Last year, the Soho/Noho Action Committee tried to lead a push to round up all the non-artists living in artist-in-residence-certified lofts, and then strike the law from the books. Although the law remains intact, the fact that artist housing is becoming more and more difficult to come by is unavoidable. The Journal's Richard Morgan examines this fact in his article about the Hotel Chelsea tenants association's battle over the hotel's renovation. While King & Grove has been doing its best to smooth things over after buying out Joseph Chetrit, the tenants' arch-nemesis, and has offered them a rent abatement and room and board in a nearby hotel, that deal was only extended to the 38 units in the association, and its head, Zoe Pappas, admits that its been a while since they've had a new member. People moving into the hotel, which has been unofficial artist housing since it became one of the city's first co-ops, "doesn't really happen," Pappas tells the Journal, adding, "The place is kind of frozen." Similarly, at the Westbeth in Greenwich Village, the nation's first federally subsidized artist community, the wait list averages 12 years, and can be as long as 18. And when such communities become embroiled in struggles against real estate interests, they are seldom well equipped to fight them.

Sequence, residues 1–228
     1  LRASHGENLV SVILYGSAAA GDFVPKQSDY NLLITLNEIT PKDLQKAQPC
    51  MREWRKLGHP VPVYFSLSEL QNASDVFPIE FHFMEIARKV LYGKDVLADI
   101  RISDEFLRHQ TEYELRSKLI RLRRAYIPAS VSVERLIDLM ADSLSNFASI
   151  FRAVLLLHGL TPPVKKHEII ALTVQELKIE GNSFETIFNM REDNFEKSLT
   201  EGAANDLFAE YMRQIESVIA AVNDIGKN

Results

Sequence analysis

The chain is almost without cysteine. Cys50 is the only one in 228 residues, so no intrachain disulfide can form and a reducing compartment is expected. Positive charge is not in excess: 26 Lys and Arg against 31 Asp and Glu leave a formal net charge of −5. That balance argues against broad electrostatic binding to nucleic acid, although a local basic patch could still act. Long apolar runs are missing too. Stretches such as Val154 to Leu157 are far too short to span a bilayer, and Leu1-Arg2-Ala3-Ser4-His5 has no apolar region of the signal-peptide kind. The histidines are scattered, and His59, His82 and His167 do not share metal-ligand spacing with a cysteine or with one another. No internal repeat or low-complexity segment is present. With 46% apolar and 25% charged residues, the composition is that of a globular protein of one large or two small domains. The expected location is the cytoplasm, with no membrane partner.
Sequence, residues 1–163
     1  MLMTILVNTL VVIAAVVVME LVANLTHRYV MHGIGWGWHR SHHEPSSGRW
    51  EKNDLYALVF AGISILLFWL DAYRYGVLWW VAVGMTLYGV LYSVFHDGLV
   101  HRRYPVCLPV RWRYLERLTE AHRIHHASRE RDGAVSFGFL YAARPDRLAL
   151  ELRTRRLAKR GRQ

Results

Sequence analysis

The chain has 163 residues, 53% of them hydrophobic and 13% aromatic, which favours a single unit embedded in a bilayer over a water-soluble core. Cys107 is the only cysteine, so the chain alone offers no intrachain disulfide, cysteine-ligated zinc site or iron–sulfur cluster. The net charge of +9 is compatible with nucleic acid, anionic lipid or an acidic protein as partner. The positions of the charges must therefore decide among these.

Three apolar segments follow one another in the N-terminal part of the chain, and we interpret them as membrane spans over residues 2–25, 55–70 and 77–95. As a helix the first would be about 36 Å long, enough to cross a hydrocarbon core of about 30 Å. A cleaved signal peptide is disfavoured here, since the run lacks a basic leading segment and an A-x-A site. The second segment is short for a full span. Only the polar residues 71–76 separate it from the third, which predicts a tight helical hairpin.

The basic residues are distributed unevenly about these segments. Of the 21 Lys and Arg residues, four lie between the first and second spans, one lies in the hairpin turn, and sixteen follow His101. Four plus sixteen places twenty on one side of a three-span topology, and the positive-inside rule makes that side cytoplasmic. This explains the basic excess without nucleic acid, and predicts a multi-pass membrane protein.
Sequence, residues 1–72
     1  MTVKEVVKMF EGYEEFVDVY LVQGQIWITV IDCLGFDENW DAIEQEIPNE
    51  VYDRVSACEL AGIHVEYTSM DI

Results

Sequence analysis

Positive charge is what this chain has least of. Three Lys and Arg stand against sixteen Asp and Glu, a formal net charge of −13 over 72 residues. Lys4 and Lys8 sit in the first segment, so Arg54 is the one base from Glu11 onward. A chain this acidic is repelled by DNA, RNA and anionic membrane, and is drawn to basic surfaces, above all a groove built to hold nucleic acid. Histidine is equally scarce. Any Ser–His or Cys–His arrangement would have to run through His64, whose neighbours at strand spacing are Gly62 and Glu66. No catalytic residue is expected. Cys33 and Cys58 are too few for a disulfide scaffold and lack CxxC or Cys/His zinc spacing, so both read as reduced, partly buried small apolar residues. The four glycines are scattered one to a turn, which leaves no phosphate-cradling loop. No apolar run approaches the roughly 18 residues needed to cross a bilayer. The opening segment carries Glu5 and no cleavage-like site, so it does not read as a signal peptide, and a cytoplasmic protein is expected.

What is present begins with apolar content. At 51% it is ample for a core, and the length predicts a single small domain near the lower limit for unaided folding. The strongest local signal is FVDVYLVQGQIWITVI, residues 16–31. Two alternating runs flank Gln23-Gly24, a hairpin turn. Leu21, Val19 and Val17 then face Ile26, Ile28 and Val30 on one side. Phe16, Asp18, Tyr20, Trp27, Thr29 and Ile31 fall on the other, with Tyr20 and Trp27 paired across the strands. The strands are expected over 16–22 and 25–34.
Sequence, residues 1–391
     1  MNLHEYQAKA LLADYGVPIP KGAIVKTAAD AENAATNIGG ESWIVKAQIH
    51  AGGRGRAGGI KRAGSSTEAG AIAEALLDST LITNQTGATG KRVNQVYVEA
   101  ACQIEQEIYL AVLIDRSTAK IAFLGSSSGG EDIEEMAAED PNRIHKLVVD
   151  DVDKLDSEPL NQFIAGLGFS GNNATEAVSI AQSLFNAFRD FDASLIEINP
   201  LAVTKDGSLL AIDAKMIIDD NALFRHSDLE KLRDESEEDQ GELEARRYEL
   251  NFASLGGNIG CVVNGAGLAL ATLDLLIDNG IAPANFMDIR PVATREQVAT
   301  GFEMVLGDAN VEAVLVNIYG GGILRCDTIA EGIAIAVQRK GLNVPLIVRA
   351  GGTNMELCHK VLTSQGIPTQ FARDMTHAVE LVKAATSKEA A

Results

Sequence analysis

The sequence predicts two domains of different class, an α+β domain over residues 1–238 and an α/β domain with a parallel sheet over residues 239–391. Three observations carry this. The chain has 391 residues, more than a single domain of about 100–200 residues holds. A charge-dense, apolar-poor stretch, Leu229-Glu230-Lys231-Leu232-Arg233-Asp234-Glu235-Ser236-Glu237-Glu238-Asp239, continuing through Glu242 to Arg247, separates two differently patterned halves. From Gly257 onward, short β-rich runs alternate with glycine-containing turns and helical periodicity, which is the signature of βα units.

On the other side of the coin, very little new affordable housing for artists is being built. One exception is Related Companies' affordable tower at 529 West 29th Street, modeled after Manhattan Plaza, the two towers in Hell Kitchen that were famously occupied by Larry David (his crazy neighbor Kramer served as the inspiration for the eponymous character on Seinfeld), Tennessee Williams, Al Pacino, and many others. The 14-story, 139-unit Related building will have 70 percent (97 units) set aside for artists, 15 percent for local seniors, and the last 15 percent for locals of all ages.
· The Artistry of a Bargain Apartment [WSJ]
· Mapping 15 Manhattan Buildings Originally Built for Artists [Curbed]